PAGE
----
We hiked the redwoods, played beach bocce (my first time!), fed cute beach rats hunks of cheese, drank copious amounts of delicious beverages, and staged marshmallow fights. Aforementioned-in-a-previous-post-fantastic-new-neighbor-friend Richard cooked up a mighty dinner of pasta alfredo with abalone a fellow camper had acquired diving. S'more-making occurred in abundance. Fell asleep, belly full and tuckered out, under a starry sky, snug as a bug, and awoke to the calls of crows and the smell of (someone else's) breakfast cooking. Packed up and drove to Monterey Bay Aquarium (hadn't been since I was in elementary school) to oooh and aaah over the jellyfish and recently acquired juvenile great white shark. Ooooooooh. Ahhhhhhh. Yesssssss. Only thing better would've been the ten mile hike to the hot springs. Next time.

Gorgeous weather too -- t-shirt and clamdiggers sufficed under a bright blue sky. 78 degrees in October. Fall colors. Warm sunshine all day, then fog. Redwoods, mountains, beach -- within minutes of each other.

As a native NorCali gal, I just gots to say: I love California. Love it love it love it. Where else can you ski, surf, run a trail, mountainbike, sunbathe, walk in the fog, rockclimb, whalewatch, and almost anything else to your heart's content, in any season, just by driving a few hours in any direction?

Yes, it is still expensive. Yes, NorCali is still full of rednecks and self-centered faux eco-liberal yuppies. And yes, Los Angeles is still here. But California is still also one of the most beautiful and varied and diverse places on Earth, and just when I was getting jaded and cranky-pants I find out it's still got some genuine people here who love life. Now, about that expensive bit -- I can just rent a studio apartment forever, right?

When Trevor and I were living in Japan for a very short time, before deciding it just wasn't for us, we listened to Joni Mitchell's "California" a lot. There's just something about this place.

Sitting in a park in Paris, France
Reading the news and it sure looks bad
They won't give peace a chance
That was just a dream some of us had
Still a lot of lands to see
But I wouldn't want to stay here
It's too old and cold and settled in its ways here
Oh, but California
I'm coming home
I'm gonna see the folks I dig
I'll even kiss a sunset pig
California, I'm coming home

Though, WTF is a sunset pig? Haha, actually, nevermind, Google is my friend.

By the way, I'm all out on scary for this post. I can't think of a damn thing to post for Halloween month scary bits. I'm exhausted from the weekend, and I've got an online training session tomorrow for work to look forward to. Isn't that scary enough? Night night.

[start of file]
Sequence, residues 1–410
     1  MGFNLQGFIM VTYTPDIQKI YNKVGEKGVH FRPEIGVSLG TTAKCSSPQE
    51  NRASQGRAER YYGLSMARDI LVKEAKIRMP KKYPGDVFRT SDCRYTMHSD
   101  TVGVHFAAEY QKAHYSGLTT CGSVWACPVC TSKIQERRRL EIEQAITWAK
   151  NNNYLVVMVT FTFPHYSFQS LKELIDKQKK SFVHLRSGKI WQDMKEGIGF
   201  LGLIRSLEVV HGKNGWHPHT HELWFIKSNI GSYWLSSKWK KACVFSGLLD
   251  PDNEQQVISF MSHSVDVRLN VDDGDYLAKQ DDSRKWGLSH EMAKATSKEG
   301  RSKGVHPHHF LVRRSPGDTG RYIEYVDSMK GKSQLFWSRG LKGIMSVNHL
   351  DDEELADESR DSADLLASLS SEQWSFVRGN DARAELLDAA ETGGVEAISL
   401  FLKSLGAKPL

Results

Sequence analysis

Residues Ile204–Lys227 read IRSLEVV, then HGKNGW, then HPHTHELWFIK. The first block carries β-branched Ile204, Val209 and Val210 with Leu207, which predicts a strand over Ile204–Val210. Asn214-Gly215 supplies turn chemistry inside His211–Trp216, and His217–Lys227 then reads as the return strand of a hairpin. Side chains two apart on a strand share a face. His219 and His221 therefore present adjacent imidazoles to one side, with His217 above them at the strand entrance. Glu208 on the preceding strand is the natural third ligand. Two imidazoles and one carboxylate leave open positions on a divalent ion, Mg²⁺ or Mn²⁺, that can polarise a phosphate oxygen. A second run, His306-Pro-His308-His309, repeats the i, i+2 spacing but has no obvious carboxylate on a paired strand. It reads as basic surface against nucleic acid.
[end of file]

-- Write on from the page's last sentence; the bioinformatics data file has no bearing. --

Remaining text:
Friday, October 20, 2006

Saw The Decemberists last night at the Warfield. I love the Warfield, even if it has shittier acoustics than my favorite San Francisco venue, the Fillmore (which I had no idea is owned by Clear Channel until today -- grrrr) and surlier staff. Did you know that Slayer played a show they recorded for a DVD at the Warfield? I can't even imagine what that was like. Nevermind, yes I can -- completely badass, but only from a safe distance, like the balcony or this DVD. I'm not 18 anymore.

But I digress -- The Decemberists, last night, my first time seeing them live. So good. Contrary to Slayer, the Decemberists had a little English dandy voice reciting a primer before the show that advised us to introduce ourselves to the person standing next to us, and to be polite to each other during the show. And this was probably the most polite show I've ever been to.

I still don't care for the new album so much. Too shallow and repetitive lyrically, giving many songs a throwaway "pop" feel (but only when compared to past albums -- it's not a terrible record, and really it's quite reasonable for a major label debut). Damn though, the band is so charming and spot on when they play, and the bulk of their stuff is so genius, that it doesn't matter what they play, it all sounds great. Even the new stuff that seems a little too polished and pedestrian and lacking a story you can fall into had me wanting to dance with it's infectious beats and earnest Colin Meloy vocals. They were really enjoying themselves and the audience -- very giving and totally engaged. It was a really fun show. And every single person in that band can play at least 3 instruments, if not 5 or 6, and sometimes 2 at a time. Very impressive.

Colin Meloy was also charming as ever, his voice was wonderful, and his banter with the crowd was awesome. He congratulated us for braving the area around the Warfield at night, and gave us a hilarious bit about walking through the Tenderloin from his hotel to get to the show and his experience with the broad daylight crack deals. He took a guy's cell phone and used it to play guitar, and then called an entry for "Mom" and sang for her. Charmer!

A lot of audience singalong too, a Decemberists trademark. Super show, I highly recommend them when they come through your town. They remember and know what it's like to be a fan and what a concert experience should be like. Good folks, and wonderful musicians. Here's a youtube vid of an unreleased song they did a couple of nights ago -- same set design and song last night.

Oooh, and on another note, lookie what we got today...

I love all things Hellboy, but I love Roger the best. May you continue to rest in peace.

Trevor picked up the whole of the incredibly well-made Hellboy figures from Series 2 today, save for "Rocket Hellboy" since we already have "Closed Mouth Hellboy" from Series 1, as well as Liz Sherman and Lobster Johnson from that run as well.

BUT...most sadly badass, and poking not only my hellish tendency to collect, but my evil otaku tendency to grieve ever so slightly when I tear open the packages (that's right, you read me right, Trevor and I break the seals on these puppies – my ongoing homage to the fact you only live once, nerds) is that the figure we hunted high and low for, the one that we wanted most of all, the figure that is impossible to find, that bad mofo, the Kriegaffe, is not only impossible to find, but has gone up to $60 US. From $16.95! That is $60 in the package, of course.